Are sushi, coffee, wine safe during pregnancy?
"I'm a big sushi fan. So I've always wanted sushi," said Patty Holmes, a new mother and member of the Houston Sushi Club. She added, "But it's such a challenge, because when you're pregnant there are all these things they tell you not to have."
Holmes just gave birth to her son David Christian. When she was pregnant her cravings for sushi were hard to resist. But Holmes knew raw sushi was a no-no.
"Mostly cooked fish obviously. That's the safest way to go," said Holmes.
But that conventional wisdom is now being questioned by another mother. Her name is Emily Oster and she wrote a controversial book called, "Expecting Better: Why the Conventional Pregnancy Wisdom Is Wrong-and What You Really Need to Know."
In it, Oster says three sins of pregnancy, raw sushi, wine and coffee shouldn't be off limits.
"I think on the coffee, the evidence suggests certainty in moderation, 200 milligrams a day. That's probably two little cups, said Oster. She added, "Most women should feel comfortable having sushi from a reputable source. The same kind of sushi you would have when you're not pregnant."
And what about wine?
"On alcohol this has clearly hit a nerve," said Oster. She added, "Alcohol no more than two drinks a week in the first trimester and no more than one drink a day in later trimesters."
Here's the catch, the author, Emily Oster, is a mom, but she isn't a doctor.
Oster is an economist. She's an Associate Professor of Economics at the University of Chicago.
"My job is really about analyzing data and figuring out what it can tell us," said Oster.
WJXT's sister station in Houston, KPRC, spoke with a doctor for her take on the controversy and the big cravings during pregnancy. Dr. Cristina Perez, an OB/GYN with The Women's Specialists of Houston at Texas Children's Pavilion for Women, broke down what she says is really safe for expectant moms and what they should definitely avoid.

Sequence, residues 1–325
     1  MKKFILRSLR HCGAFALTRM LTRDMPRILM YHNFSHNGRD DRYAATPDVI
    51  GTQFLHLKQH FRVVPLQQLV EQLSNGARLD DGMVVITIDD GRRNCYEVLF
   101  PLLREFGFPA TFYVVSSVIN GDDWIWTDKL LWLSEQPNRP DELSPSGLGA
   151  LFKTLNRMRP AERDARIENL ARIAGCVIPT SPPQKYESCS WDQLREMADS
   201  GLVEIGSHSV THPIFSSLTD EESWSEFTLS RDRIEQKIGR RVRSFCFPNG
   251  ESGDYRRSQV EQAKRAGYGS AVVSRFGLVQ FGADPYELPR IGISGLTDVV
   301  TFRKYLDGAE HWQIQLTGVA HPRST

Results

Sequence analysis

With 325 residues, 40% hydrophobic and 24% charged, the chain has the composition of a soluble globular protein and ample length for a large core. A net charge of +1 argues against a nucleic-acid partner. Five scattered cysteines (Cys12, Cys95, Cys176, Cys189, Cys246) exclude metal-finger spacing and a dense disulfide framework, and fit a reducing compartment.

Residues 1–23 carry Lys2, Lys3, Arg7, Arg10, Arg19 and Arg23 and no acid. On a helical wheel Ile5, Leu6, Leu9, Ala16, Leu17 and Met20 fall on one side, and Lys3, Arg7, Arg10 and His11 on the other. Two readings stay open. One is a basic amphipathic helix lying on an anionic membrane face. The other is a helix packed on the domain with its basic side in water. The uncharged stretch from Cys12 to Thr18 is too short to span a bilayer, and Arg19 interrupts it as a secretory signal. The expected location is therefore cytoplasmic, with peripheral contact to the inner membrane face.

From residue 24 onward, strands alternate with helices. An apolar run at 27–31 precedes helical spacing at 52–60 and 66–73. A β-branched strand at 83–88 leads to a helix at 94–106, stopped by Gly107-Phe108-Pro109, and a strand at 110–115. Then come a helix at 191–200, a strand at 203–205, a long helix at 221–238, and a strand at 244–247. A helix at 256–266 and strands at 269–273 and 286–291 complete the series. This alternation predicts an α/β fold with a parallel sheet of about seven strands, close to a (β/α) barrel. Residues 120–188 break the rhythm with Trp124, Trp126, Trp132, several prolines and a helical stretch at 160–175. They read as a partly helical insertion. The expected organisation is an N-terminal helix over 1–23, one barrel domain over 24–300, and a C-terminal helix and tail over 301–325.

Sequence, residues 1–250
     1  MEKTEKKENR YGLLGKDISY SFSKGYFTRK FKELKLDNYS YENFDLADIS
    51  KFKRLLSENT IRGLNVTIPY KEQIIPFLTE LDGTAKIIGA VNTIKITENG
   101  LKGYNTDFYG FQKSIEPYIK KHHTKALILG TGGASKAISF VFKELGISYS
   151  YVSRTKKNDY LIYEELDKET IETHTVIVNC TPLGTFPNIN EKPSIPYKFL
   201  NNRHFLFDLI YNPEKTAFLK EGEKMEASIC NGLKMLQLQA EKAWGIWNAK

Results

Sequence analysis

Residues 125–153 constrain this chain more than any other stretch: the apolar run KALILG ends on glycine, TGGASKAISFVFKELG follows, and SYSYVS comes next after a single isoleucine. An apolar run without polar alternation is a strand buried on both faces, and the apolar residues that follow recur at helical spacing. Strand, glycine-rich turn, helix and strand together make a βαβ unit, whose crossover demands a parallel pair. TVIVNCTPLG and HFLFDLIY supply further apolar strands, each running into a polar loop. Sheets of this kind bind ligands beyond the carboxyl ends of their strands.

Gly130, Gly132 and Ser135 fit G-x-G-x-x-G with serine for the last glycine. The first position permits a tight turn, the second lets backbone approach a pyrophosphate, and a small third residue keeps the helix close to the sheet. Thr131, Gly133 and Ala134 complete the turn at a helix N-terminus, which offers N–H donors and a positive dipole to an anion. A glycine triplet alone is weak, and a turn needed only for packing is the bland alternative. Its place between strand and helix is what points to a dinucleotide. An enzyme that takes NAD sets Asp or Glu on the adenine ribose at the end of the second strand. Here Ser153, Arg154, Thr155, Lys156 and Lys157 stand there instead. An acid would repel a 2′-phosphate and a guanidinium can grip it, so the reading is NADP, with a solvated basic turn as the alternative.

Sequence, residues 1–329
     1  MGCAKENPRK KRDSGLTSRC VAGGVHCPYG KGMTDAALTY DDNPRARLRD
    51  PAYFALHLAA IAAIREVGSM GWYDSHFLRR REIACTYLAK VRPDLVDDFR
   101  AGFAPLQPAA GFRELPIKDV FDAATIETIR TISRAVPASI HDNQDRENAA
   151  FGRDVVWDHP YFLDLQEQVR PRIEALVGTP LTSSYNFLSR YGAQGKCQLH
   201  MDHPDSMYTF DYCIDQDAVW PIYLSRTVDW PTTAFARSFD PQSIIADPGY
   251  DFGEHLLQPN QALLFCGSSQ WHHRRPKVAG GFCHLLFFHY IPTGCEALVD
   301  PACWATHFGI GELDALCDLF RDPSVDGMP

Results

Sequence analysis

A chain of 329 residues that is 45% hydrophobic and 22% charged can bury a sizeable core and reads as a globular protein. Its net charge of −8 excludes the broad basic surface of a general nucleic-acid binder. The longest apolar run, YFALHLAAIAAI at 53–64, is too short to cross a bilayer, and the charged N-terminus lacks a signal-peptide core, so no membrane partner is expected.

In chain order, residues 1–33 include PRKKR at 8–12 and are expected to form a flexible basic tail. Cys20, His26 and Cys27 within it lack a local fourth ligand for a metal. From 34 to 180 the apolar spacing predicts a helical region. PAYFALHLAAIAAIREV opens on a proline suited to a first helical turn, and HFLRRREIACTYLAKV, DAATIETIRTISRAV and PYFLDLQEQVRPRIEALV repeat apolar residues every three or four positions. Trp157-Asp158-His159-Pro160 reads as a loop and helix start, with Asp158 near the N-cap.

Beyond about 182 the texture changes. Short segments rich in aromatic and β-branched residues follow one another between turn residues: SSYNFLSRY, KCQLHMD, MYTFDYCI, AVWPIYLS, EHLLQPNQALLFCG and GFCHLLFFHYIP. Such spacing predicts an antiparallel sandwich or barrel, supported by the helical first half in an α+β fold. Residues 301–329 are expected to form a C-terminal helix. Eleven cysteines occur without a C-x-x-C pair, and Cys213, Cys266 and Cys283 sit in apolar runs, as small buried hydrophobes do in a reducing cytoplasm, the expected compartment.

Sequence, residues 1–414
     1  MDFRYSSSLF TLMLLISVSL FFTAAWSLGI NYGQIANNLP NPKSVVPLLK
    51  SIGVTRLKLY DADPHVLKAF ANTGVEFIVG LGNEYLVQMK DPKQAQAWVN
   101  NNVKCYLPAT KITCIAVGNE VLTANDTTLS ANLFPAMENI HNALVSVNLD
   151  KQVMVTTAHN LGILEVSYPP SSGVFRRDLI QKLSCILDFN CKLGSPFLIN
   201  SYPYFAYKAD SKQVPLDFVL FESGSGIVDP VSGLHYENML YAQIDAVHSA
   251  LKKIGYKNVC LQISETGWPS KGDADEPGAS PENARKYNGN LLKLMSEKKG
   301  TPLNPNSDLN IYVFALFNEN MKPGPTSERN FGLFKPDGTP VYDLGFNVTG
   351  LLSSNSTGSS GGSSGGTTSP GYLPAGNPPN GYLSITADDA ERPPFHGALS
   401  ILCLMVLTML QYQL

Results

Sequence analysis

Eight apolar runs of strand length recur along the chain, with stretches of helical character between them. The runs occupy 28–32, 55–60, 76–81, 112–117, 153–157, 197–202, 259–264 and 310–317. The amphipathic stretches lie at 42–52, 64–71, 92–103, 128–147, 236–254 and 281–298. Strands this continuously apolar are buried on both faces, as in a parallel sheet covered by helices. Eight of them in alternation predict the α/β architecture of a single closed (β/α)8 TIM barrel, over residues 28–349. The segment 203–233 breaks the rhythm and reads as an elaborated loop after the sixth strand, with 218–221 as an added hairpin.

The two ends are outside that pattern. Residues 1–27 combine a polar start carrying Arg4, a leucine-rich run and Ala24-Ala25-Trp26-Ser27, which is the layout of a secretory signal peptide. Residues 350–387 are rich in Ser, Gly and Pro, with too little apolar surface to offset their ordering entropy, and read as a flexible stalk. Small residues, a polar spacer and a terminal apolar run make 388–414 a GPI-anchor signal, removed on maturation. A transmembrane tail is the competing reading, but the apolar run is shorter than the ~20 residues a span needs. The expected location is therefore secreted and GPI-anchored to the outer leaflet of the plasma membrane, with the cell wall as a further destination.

"There are some studies that have been done with extreme amounts of coffee that have shown an increased risk for miscarriage and so we feel drinking coffee in moderation, about a cup is a safe amount," said Perez.
When it comes to alcohol Perez said, "I think that we'll never be able to study how much alcohol is safe in pregnancy, because they won't do a study testing which babies end up having fetal alcohol syndrome."
And finally, sushi.
Perez says it's okay just be sure to avoid fish high in mercury and make sure your sushi is cooked.
"But with raw sushi we recommend that pregnant women avoid because there is an increased risk for food borne illness," said Perez.
The Houston Sushi Club and Kubo's Sushi Bar & Grill say the safest sushi dishes while pregnant are a California roll without the fish eggs, Tamagoyaki which is a cooked egg omelet, cooked eel or smoked salmon. You could also go for a rock and roll, which is fried shrimp or a vegetarian roll.
So being pregnant doesn't mean you have to eliminate all your favorite foods, just be conservative.
"Pregnancy is not a good time to try the latest, hottest, Japanese food trend," said Holmes. She added, "Wait until you're done having kids to go and try those."
To see a list of the Houston Sushi Club's pregnancy safe sushi dishes go to houston-sushi.com/sushiformoms.html.
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